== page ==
Advantages of RES


  • They are practically inexhaustible sources of energy (sun, wind, rivers, organic matter, etc.) and contribute to reducing the dependence on depletable conventional energy resources, such as oil, natural gas, coal, etc.
  • Their exploitation/utilisation is widely accepted by the general public, due to their environment- and human-friendly nature.
  • They constitute (together with energy conservation) the most ecologically sound solution for the effective reduction of carbon dioxide emissions and the combating of the greenhouse effect. In addition, by replacing energy generation plants which use conventional fuel resources, they lead to a reduction in the emissions of other pollutants as well, such as sulphur oxides which cause acid rain, nitrogen oxides which cause photochemical smog, airborne particulates, etc.
  • They are domestic sources of energy and contribute to strengthening the energy independence and security of supply at the national level.
  • They are geographically dispersed, leading to the decentralisation of the energy system, making it possible for energy needs to be met at the regional and local level, thus relieving the pressure on infrastructure systems (electricity grids, roads, etc.) and reducing the losses from energy transmission.
  • They provide opportunities for the rational use of energy sources, because they cover a wide range of users’ energy needs (i.e. solar energy for low temperature heat, wind energy for electricity production, etc.).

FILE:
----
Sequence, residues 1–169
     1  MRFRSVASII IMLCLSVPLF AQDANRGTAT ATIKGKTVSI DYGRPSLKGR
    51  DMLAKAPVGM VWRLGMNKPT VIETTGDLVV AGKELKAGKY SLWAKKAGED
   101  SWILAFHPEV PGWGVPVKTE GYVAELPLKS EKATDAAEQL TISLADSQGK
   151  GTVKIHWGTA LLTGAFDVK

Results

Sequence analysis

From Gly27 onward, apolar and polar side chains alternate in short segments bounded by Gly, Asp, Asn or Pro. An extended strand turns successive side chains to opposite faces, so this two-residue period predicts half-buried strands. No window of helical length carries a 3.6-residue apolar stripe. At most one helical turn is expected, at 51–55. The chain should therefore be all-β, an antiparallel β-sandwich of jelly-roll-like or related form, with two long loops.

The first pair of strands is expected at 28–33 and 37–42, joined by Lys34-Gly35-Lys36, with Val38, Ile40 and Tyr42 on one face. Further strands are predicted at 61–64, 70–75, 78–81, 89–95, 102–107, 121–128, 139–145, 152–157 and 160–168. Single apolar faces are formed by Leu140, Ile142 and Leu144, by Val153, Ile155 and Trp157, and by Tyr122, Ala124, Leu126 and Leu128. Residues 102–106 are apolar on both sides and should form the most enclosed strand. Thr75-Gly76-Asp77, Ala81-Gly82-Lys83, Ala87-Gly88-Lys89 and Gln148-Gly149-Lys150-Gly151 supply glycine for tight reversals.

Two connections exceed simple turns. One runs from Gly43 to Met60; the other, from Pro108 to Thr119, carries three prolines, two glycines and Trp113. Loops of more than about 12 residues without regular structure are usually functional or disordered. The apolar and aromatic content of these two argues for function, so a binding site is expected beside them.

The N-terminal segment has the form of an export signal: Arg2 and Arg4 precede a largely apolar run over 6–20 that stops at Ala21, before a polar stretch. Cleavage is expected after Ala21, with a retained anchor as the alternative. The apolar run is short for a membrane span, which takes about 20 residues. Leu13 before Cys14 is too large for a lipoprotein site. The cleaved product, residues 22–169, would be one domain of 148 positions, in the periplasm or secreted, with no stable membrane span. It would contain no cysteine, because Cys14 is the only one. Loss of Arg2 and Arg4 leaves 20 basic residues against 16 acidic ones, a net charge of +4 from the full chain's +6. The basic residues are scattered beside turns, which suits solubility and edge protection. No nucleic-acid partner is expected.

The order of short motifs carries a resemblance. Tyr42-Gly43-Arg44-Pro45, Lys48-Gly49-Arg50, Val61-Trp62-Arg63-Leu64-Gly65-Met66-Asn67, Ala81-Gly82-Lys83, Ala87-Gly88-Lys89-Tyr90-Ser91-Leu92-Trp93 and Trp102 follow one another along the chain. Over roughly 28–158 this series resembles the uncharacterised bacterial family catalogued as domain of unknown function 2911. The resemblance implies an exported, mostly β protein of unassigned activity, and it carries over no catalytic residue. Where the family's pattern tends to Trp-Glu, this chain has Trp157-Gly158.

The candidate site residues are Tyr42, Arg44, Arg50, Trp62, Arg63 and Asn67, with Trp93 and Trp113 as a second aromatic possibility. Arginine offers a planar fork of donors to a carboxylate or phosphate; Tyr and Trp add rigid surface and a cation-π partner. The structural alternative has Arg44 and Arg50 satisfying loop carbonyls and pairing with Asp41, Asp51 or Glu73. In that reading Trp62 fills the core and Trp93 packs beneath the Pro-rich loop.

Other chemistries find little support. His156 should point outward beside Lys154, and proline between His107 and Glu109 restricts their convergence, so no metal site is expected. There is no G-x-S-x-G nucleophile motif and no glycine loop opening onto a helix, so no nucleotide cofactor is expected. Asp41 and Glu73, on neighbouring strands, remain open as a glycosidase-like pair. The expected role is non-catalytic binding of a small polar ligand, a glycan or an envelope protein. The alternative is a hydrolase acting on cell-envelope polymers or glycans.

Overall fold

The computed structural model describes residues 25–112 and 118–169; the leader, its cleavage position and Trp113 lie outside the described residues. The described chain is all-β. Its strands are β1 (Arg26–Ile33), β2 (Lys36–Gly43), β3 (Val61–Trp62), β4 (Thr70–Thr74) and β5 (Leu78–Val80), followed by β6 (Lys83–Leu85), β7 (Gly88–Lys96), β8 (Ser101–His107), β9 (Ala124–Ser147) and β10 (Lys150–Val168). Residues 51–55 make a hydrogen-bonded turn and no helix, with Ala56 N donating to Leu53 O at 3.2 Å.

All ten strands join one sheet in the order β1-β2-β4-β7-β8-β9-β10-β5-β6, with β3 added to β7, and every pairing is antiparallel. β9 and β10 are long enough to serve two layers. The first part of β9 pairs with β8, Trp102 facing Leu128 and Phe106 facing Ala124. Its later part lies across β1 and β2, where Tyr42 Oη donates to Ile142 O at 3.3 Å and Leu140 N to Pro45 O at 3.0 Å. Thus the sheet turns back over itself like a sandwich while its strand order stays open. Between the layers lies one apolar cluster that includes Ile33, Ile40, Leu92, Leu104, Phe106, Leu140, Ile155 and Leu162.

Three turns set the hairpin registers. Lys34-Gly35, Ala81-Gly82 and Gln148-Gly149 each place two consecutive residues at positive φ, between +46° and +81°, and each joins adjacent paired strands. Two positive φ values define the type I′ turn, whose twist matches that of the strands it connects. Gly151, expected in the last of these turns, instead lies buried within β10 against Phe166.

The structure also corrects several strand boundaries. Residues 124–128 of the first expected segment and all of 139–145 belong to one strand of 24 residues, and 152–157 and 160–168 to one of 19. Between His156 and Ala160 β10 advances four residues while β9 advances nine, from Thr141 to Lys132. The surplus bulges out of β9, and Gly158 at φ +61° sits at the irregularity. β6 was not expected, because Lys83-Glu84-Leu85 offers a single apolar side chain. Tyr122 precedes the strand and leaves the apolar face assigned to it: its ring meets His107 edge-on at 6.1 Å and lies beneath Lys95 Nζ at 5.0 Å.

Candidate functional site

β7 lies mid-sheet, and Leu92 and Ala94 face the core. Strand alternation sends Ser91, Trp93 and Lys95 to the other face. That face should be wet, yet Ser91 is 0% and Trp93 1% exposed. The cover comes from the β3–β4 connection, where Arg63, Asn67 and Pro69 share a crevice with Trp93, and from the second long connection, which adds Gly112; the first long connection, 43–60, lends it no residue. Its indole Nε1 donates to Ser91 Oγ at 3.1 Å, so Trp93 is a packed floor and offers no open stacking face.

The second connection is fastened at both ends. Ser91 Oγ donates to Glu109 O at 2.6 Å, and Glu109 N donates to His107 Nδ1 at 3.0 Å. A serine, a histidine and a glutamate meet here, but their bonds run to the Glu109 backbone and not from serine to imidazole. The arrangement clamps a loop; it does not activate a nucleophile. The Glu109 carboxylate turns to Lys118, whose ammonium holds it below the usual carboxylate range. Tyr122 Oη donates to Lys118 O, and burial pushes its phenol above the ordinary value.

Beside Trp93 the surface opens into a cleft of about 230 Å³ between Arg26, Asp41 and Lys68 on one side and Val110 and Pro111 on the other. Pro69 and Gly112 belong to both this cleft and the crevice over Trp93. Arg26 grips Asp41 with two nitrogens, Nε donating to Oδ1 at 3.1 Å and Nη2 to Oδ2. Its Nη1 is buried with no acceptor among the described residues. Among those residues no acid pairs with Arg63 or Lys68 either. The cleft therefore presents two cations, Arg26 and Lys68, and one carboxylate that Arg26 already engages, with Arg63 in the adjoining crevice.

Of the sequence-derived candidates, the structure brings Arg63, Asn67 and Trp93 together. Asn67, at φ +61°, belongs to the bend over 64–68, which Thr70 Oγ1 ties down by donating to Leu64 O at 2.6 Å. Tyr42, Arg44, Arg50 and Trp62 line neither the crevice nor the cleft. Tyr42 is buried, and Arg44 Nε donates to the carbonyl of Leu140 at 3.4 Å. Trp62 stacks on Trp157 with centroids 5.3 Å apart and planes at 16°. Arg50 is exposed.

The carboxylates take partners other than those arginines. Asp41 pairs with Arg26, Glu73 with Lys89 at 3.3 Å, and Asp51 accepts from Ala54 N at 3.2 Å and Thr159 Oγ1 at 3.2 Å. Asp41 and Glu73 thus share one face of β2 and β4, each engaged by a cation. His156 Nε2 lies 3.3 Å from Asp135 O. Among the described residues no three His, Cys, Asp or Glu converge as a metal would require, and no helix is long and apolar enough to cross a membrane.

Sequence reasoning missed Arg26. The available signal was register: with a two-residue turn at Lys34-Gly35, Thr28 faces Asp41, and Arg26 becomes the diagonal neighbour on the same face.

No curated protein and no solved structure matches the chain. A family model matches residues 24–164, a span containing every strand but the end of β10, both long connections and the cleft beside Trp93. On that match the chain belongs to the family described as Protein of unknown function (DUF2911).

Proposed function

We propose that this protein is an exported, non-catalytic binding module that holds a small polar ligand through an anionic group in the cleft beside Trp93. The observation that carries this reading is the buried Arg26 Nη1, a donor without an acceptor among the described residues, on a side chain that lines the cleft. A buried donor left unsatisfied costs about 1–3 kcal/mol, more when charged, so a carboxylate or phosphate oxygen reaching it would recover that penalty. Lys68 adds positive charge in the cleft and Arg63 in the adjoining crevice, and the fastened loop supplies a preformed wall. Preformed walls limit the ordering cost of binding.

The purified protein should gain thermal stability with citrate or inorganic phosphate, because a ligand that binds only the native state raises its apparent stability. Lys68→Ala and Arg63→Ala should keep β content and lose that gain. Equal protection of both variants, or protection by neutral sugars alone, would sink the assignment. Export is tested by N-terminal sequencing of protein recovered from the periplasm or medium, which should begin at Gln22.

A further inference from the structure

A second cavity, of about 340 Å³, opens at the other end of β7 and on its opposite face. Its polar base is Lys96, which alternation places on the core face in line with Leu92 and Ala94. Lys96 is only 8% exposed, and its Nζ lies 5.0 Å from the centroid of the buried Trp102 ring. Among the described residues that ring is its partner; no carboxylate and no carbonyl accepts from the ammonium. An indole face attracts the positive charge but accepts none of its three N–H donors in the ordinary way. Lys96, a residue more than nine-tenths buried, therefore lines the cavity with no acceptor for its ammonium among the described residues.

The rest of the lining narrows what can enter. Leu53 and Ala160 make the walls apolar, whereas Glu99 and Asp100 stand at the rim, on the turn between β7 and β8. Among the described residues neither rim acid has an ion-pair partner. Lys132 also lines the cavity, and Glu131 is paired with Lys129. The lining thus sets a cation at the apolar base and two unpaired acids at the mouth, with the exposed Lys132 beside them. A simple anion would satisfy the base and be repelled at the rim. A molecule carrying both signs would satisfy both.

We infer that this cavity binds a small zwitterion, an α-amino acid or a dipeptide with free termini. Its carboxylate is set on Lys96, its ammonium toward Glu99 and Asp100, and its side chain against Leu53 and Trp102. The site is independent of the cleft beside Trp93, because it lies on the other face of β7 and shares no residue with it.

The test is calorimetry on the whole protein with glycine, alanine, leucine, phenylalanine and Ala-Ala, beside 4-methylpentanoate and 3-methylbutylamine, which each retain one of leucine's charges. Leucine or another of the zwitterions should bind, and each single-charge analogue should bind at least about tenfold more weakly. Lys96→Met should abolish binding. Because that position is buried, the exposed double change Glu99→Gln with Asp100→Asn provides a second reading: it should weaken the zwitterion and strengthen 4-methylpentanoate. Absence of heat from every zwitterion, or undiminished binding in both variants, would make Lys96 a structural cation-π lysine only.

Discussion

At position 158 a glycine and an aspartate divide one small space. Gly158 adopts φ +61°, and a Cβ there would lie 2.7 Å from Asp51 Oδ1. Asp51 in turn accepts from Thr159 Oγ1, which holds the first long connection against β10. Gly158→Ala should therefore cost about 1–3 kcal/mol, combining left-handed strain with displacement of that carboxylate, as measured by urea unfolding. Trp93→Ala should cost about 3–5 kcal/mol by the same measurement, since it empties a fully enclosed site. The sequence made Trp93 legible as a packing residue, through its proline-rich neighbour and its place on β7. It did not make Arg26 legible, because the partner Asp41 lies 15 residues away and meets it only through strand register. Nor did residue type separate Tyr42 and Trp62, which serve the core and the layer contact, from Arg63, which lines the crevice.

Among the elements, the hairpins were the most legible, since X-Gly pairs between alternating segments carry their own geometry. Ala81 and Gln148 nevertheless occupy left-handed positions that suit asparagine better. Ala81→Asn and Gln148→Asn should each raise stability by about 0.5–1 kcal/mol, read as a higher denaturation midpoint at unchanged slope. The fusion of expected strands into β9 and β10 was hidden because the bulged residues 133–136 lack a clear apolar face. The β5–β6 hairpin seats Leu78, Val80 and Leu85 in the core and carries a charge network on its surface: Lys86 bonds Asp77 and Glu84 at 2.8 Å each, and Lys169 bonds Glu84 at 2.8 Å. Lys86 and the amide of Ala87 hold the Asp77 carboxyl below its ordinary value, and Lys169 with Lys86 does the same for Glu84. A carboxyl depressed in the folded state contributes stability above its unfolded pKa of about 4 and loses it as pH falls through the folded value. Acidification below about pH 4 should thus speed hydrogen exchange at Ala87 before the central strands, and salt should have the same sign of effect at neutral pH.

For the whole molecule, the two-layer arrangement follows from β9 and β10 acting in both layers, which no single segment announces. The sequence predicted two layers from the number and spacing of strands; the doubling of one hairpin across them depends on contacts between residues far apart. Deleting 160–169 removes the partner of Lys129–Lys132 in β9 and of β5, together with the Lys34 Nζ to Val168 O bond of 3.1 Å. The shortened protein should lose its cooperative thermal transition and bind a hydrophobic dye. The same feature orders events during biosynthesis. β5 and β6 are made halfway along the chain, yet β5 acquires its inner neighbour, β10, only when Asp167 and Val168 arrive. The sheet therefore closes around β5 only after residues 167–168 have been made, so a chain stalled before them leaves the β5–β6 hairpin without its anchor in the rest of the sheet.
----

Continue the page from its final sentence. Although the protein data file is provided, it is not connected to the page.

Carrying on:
• They usually have low operating costs, which are not influenced by fluctuations in the international markets and especially in the prices of conventional fuels (crude oil, natural gas, coal).
  • RES installations are usually designed to meet the specific energy needs of users/consumers, both at the large or at the small scale, and they have relatively short materialisation times, thus allowing quick response of energy supply to energy demand.
  • RES investments create a significant number of new jobs, especially at the local level.
  • In many cases, they can become a catalyst for the regeneration of economically and socially depressed areas and a focal point for local development, through the promotion of relevant investments (for example, greenhouses using geothermal energy, district heating of local communities and towns via hot water/steam produced by the energy exploitation of agricultural and forestry biomas, etc.).